• Alex Arroyo

• Sam Litt

• Keefer Quagliano

• Karen Garcia

• Hannah Litt

• Katy Wolf

• Hope Romero

• Steph Lasater

• Hannah Hervert

• Mollie McCoy

• Desy Mendoza

• Beka Gershenoff

• Alyssa Anderson

• Joslyn Sanchez

• Tiia Kiuru

• Rebecca Wilson

• Samantha Lindall

• Chloe Colley-Hiller

• Wyatt Gipson


• Director — Kaylee Brennand

• Director — Alexandra Trosper

• Stage manager — Hailea Stone

• Stage manager — Katelyn Bellerose

• Stage/set design — David Mayer

• Choreography — Rachel Vangorden

• Apprentice choreographer — Camryn Woodworth

• Apprentice choreographer — Sam Litt

❝Conrad Birdie is going into the Army,” Albert frantically announces to his assistant, Rosie.

The wheels have come off the Almaelou Music Corporation’s gravy train in the form of one Conrad Birdie, an Elvis-esque crooner and teenage heartthrob, being tapped by Uncle Sam to serve his country. In response, Rosie devises a plot to send Birdie out in elaborate fashion, with a new hit song and a kiss for one lucky fan in Sweet Apple, Ohio.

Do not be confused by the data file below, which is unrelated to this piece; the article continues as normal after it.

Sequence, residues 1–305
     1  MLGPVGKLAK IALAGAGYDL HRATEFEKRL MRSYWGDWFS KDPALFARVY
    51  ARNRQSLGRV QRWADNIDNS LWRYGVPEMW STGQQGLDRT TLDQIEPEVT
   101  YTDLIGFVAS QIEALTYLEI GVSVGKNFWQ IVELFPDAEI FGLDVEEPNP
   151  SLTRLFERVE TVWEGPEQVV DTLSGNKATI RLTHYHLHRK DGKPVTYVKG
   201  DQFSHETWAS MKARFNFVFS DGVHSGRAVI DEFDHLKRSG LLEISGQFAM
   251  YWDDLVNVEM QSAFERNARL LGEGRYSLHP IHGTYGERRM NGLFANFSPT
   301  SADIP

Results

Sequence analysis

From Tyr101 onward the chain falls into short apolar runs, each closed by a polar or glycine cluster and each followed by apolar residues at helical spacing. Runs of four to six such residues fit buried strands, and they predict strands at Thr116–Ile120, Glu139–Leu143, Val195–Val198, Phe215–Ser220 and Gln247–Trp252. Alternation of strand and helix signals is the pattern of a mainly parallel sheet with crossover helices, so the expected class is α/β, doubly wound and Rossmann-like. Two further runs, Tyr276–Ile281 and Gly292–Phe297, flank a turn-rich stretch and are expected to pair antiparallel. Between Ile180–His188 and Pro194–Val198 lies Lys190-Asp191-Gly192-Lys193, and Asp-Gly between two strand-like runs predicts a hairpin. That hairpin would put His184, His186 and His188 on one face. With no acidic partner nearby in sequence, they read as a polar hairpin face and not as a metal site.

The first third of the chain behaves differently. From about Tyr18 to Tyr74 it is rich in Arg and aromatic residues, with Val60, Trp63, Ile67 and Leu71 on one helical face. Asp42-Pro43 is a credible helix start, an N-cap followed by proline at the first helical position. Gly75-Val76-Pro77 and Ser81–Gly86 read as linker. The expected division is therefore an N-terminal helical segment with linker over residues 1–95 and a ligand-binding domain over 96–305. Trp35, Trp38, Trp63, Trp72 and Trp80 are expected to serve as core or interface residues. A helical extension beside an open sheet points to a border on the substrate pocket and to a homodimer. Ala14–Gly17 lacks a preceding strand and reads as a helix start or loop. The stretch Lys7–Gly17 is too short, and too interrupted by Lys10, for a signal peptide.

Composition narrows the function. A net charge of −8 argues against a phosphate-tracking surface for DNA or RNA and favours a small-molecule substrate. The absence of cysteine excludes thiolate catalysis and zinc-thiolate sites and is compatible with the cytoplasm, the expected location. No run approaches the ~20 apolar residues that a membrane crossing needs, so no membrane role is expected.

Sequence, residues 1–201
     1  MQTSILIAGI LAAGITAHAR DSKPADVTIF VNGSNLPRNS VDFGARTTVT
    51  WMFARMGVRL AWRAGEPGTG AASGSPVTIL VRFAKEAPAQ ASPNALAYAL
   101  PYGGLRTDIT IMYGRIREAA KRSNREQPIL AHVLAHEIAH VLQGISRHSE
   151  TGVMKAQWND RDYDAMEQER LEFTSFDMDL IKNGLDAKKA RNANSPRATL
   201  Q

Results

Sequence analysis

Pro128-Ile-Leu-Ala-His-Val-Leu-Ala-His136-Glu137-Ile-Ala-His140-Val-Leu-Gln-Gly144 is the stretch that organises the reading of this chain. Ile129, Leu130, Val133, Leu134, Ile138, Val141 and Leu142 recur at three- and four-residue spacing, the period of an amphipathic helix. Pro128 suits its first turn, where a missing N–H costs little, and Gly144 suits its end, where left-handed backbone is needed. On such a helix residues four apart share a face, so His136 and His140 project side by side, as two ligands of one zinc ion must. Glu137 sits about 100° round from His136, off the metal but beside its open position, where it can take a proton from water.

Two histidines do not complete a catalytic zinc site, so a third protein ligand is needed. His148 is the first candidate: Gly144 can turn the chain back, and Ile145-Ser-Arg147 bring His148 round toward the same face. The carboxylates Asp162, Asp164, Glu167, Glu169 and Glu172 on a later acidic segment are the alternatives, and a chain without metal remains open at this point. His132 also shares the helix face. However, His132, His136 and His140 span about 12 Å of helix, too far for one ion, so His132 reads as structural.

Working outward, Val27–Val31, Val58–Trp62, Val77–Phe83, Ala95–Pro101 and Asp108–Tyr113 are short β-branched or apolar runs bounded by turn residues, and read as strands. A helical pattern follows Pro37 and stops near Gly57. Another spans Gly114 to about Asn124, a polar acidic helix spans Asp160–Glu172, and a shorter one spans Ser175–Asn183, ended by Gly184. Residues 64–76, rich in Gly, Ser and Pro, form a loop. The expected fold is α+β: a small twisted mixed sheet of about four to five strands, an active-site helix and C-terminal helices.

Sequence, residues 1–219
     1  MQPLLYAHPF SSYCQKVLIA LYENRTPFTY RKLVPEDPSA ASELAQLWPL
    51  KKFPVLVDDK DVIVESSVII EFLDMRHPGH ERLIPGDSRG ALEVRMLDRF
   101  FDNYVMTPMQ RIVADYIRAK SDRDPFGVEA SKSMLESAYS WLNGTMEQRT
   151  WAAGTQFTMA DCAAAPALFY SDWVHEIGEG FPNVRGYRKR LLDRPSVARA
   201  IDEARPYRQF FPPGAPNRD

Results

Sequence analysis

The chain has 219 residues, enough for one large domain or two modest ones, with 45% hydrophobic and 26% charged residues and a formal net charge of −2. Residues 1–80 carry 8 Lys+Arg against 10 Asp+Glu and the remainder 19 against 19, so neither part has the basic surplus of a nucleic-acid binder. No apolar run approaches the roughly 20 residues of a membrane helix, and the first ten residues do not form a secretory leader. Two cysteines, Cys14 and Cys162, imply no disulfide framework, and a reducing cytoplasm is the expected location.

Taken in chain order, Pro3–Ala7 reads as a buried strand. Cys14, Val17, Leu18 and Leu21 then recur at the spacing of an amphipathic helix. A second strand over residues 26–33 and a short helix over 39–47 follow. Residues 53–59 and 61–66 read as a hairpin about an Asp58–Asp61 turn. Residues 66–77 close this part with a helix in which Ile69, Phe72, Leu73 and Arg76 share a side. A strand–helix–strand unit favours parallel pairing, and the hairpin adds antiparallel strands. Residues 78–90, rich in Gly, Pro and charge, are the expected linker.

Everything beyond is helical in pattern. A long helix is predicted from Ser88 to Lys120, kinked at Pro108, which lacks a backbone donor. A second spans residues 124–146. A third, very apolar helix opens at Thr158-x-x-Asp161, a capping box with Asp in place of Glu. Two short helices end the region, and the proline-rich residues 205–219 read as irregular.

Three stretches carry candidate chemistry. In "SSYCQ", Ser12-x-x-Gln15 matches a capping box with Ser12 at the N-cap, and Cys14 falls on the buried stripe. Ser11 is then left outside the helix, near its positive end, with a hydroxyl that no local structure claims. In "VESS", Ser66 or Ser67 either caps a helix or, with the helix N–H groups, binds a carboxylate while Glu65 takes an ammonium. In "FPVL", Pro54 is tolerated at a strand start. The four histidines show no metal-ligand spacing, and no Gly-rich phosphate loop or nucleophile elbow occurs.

The stunt should bring in enough money, by Rosie’s estimation, to allow the somewhat mercurial Albert a chance to quit the family music business, get out from under his mother’s thumb and make good on his promise to become an English teacher, sweep Rosie off her feet and live happily ever after.

Thus begins “Bye, Bye Birdie,” the spring musical presented this weekend by the Battle Mountain High School Players. The show has a three-day run, today through Saturday, with shows at 7 p.m. each day.

A different era

For this particular production, the cast not only had to learn their lines and develop their characters, but also put themselves in the mind frame of the late 1950s, an era where rock ’n’ roll was in its infancy and relatively few women had careers outside the home.